Campaign Information and House Rules
Shelzar Campaign Information and house rules
Religion, Alignment, races and classes
- Every character will be recruited into a local crime guild. Some alignments simply will not work. This is a very structured guild so chaotic types need to be able to fit in – if you are a wild card or a loose cannon the guild will eliminate you.. Neutrals and Lawfuls are primarily found in the guild. No characters of good alignment.
- Races: All races in the Scarredlands race appendix are allowed, except those with a level adjustment higher than 1.
Exotic races like Dark elves (LA +1), gnomes or Terali (a race of feline humanoids) will need a background explaining how/why they are in Shelzar.
Keep in mind that the Scarred Lands have racial characteristics for each race that differ slightly from that listed in the PHB – for instance Halflings receive a +2 to hit with slings or thrown weapons rather than the +1 listed in the PHB, and a dwarf receives a small number of spells that they can cast innately, similar to a gnome’s starting spell capabilities. And each non-human race has two classes to choose from when determining their favored class.
A few monstrous races could work provided they do not have HD greater than one or a level adjustment greater than +1. A few that would work are: goblin, hobgoblin and orc.
- Classes: Because the campaign centers around a crime guild in a city of 100,000 druids are not likely to be involved, though unique ideas can alter this. Classes that must be good (paladins) will not be allowed. Clerics or other classes that belong to other organizations (their church) need to demonstrate that they do not place such loyalties above the guild.
- Statistics: Roll 4d6 and drop the lowest die; roll until your first stat is at least a 15, then make the rest of your rolls. Roll 7 stats and drop the lowest.
- The Leadership feat: Seems ideal for this campaign. Available for all characters, cohorts will be selected from trusted contacts you have made. If you think you will want a certain type of cohort you should begin recruiting him during your lower levels.
- Feats from outside sources: I may loosen my restrictions on source books concerning feats, but still have some guidelines.
o Only core feats and Scarredlands feats that I have approved.
- Item Creation feats: I will not allow for characters other than the character who has this feat to burn XP in the making of a magical item. What I will allow are special materials to help reduce the xp cost. I have no tried and true system for this so player initiative and creativity will come into play a bit. For materials that fit the item being made I may reduce the XP cost for such items anywhere from say 5 to 20%. IF a character is making an item that requires a spell that character cannot cast then he needs someone else to cast that spell for him every day during the crafting of that item.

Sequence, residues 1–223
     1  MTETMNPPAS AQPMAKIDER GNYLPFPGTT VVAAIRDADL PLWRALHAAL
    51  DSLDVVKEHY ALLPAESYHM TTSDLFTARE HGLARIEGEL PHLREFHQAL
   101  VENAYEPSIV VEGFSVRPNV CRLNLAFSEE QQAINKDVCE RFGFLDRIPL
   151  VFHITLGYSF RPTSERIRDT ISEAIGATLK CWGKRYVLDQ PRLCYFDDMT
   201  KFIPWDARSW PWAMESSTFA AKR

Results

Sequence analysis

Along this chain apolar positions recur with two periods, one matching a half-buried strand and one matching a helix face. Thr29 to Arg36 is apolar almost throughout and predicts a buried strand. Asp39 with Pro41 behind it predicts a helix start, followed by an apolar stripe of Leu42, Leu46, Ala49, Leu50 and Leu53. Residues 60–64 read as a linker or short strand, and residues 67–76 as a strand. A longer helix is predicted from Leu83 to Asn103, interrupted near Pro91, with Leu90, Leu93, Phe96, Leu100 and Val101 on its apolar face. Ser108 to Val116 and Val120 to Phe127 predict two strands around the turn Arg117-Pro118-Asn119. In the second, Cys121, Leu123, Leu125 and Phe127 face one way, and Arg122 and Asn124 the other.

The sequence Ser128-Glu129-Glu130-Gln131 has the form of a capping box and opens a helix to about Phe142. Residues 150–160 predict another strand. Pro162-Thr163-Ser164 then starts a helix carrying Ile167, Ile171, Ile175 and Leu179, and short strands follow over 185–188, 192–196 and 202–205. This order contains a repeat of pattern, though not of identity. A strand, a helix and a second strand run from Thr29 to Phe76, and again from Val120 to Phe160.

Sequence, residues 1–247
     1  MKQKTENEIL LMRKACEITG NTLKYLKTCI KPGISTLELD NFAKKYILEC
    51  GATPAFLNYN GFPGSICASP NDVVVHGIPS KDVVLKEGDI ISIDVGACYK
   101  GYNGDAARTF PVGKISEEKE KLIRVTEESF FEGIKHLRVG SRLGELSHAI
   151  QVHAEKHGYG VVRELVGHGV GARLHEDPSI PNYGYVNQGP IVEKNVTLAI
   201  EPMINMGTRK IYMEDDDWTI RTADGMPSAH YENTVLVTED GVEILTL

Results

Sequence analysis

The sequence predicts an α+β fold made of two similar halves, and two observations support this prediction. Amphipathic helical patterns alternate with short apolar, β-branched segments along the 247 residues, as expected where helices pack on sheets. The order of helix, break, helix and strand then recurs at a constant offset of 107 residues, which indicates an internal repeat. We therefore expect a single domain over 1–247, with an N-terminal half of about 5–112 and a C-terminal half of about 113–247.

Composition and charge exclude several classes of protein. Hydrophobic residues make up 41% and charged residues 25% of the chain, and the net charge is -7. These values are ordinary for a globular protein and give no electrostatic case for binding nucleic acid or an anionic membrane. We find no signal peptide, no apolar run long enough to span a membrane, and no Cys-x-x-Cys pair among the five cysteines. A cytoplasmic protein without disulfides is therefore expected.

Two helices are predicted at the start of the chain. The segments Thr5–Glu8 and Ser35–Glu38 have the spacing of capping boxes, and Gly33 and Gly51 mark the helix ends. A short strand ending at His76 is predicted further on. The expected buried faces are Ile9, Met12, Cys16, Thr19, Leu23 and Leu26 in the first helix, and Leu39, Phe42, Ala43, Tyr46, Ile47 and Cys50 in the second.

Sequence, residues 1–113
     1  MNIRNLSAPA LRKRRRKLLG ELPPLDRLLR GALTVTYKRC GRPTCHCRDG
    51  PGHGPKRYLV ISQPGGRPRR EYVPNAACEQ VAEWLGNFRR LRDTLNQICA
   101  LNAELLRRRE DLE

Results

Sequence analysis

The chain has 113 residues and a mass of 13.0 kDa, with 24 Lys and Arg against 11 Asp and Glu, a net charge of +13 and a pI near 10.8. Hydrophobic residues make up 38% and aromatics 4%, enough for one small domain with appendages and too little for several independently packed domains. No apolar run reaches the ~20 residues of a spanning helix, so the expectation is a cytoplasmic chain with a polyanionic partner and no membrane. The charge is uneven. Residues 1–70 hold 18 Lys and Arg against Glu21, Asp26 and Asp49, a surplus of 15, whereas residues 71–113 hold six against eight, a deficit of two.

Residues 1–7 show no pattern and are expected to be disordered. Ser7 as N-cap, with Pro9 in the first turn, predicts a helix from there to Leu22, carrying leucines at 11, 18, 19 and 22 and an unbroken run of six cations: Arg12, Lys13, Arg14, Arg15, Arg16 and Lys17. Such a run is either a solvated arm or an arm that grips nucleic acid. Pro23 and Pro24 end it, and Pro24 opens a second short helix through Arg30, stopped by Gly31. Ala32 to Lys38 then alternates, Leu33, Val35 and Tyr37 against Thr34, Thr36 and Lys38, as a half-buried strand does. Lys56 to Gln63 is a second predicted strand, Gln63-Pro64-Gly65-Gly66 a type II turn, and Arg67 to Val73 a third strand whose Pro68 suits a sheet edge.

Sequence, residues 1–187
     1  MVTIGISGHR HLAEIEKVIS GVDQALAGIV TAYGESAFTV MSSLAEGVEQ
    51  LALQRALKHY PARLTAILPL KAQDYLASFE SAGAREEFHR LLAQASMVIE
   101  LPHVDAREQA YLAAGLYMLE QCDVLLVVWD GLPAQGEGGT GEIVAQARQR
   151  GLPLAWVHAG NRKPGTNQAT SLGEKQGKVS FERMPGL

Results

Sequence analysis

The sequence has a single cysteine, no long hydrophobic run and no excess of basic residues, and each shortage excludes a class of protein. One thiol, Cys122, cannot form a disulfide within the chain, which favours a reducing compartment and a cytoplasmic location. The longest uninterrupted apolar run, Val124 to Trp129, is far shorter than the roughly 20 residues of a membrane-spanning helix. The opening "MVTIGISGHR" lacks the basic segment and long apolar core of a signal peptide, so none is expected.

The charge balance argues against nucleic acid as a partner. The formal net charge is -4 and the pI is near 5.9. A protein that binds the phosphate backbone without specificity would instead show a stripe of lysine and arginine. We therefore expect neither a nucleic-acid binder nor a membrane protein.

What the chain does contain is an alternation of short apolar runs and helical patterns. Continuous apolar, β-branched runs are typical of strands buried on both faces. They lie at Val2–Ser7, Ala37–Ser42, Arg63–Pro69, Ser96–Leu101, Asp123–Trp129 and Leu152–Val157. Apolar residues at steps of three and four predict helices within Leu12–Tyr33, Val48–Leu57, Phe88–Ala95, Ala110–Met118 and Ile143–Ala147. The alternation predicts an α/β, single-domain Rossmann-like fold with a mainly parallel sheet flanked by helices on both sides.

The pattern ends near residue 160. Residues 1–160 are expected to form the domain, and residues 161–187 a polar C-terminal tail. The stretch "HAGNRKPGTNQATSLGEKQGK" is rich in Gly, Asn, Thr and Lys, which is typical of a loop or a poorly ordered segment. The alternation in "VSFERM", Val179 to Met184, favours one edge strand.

- Scarred Lands feats: In each of the various class guide books for the Scarred Lands there are feats geared toward the type of classes each book covers. However any character can take feats from any book so long as they meet the prerequisites for said feat. Beyond general feats there are more specific feats in most of these books geared specifically to individual classes or types of character, I’ll give brief descriptions of these.
o Martial Arts feats: Found in the players guide to paladins and monks; these feats are available to any character who meets the requirements – obviously improved unarmed combat is a prerequisite for just about all of these, but other than that they are not hard to obtain. The feats are excellent for helping to make a martial artist without having to make a monk. Unlike other feats martial arts feats require training with an instructor before the feat can be taken. Primarily monks teach these feats, but in larger cities it is likely that a non-monk can be found to teach these.
o Paragon Feats: Found in the player’s guide to paladins and monks; these feats go beyond martial arts feats and represent a monk’s oneness of body and mind. These feats are available only to monks.
o Virtue feats: Found in the player’s guide to paladins and monks: These feats apply to holy warriors of the gods who are faithful to the highest ideals. They are only open to paladins.
o Terrain feats: Found in the player’s guide to rangers & rogues. Grant bonuses to travel in various terrains. These feats are available only to characters with at least one level in ranger.
o Scion Feats: Found in the player’s guide to wizards, sorcerers & bards. Scion feats represent a caster who has some manner of magic in his blood, generally from a supernatural ancestor. These feats are available only to sorcerers.
o Tradition feats: Found in player’s guide to wizards, sorcerers & bards. These feats represent new options and innovations in bardic music. They are available only to bards.